1 Swain, E.B., et. al., 1992, “Increasing Rates of Atmospheric
Mercury Deposition in Midcontinental North America”, Science,
257: 784-787
MERCURY POLLUTION CONTAMINATES OUR WATER
Today, our waterways are so polluted that nearly all fish contain
traces of mercury. However, fish that are at the top of the food
chain, like swordfish, shark, king mackerel, and tilefish, pose the
greatest risk to our health, because more mercury accumulates in
their bodies.
Federal, state, and local governments across the United States
regularly identify waterways that are contaminated with unsafe
levels of mercury by issuing fish advisories—which encourage
people to limit fish consumption from polluted areas.
As of 2008, 50 states, one U.S. territory, and three tribes had
issued mercury advisories. Eighty percent of all advisories in
effect in 2008 were issued, at least in part, because of mercury.
In 2008, there were 16.8 million lake acres and 1.3 million river
miles under advisory for mercury. This represents an increase of
19 percent for lake acres and 42 percent for river miles from 2006
levels. The increase was largely driven by new, statewide mercury
advisories in Idaho, Oregon, and Wyoming.6
Nationally, the EPA recommends that Americans concerned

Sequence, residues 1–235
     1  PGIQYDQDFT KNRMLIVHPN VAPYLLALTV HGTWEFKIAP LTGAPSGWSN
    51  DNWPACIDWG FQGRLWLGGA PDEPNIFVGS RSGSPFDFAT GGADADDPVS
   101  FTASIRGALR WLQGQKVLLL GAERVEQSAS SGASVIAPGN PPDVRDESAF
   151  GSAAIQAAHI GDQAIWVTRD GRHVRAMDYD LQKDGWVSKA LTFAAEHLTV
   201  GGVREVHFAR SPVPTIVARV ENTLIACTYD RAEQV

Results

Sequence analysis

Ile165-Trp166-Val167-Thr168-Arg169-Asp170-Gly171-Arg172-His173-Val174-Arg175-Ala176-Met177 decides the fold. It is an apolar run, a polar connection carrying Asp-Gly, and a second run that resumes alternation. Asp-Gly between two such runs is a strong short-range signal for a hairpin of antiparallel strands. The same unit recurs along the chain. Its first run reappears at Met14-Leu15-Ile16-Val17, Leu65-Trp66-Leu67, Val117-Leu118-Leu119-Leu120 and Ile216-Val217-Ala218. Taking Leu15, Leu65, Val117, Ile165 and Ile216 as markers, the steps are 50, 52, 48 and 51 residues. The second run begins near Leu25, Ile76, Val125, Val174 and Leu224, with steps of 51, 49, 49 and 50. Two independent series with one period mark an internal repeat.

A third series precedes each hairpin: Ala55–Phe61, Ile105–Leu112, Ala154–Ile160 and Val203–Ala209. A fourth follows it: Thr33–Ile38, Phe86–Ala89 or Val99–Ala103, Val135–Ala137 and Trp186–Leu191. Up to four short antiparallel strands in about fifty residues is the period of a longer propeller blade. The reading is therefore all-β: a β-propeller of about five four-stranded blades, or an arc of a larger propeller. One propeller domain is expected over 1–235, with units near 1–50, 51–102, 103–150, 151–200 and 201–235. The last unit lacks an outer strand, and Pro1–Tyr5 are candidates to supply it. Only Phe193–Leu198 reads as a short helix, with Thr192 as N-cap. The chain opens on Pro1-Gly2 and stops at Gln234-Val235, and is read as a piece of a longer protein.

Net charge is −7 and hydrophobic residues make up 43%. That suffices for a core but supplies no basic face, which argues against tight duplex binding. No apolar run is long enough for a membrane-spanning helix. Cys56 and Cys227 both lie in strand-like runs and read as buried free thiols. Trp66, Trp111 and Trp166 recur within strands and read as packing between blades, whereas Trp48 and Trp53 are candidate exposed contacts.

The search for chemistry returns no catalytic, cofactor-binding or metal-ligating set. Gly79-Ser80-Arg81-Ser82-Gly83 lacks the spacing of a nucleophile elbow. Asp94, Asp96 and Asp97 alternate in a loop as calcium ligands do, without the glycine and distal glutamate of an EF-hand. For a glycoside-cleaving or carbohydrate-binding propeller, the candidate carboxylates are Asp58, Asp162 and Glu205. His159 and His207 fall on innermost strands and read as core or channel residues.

about mercury limit their fish consumption to no more than
12 oz. of fish with lower mercury levels (such as shrimp, canned
light tuna, salmon, pollock, and catfish) per week. The EPA
recommends that women and young children generally abstain
from shark, swordfish, king mackerel, and tilefish because they
contain high levels of mercury. For locally caught fish when
6 U.S. EPA, National Listing of Fish Advisories: Technical Factsheet. US EPA, Office of Water. EPA823-F-09-007. (September 2009). Available at: http://water.epa.gov/scitech/swguidance/fishshellfish/fishadvisories/tech2008.cfm
www.sierraclub.org/mercury
mercury levels are unknown, the EPA advises no more than 6
ounces per week.7
WE NEED STRONG EPA MERCURY PROTECTIONS
Powering our homes should not poison our families and foul our
water.
There is a cure for this crisis—the EPA can help clean up our
air and water and protect our kids’ health by enacting protections
against mercury and other air pollution.
Under the Clean Air Act, the EPA can implement safeguards
to limit Americans’ exposure to extremely harmful air pollutants
called “air toxics.” Air toxics include mercury, arsenic, lead,
dioxin, and acid gases. Even in small amounts these are linked to
cancer, mutations, neurological damage, and other serious health
problems.
In 2011, the EPA is expected to propose an updated protection
called the “Power Plant Maximum Achievable Control
Technology (MACT)” standard.
This move by the EPA to protect public health will save lives,
prevent disease and avoid hospitalizations, while creating new
jobs building and installing air pollution control equipment.
It’s impossible to put a price on the health of our children. We
need the Environmental Protection Agency to enact a strong Air
Toxics safeguard to protect our children from mercury.
7 U.S. FDA and U.S. EPA brochure, What You Need to Know about Mercury in Fish and Shellfish: Advice for Women Who Might Become Pregnant, Women Who are Pregnant, Nursing Mothers, Young
Children http://www.epa.gov/waterscience/fish/files/MethylmercuryBrochure.pdf
Sierra Club Headquarters: 85 Second Street, Second Floor • San Francisco, CA 94105 • (415) 977-5500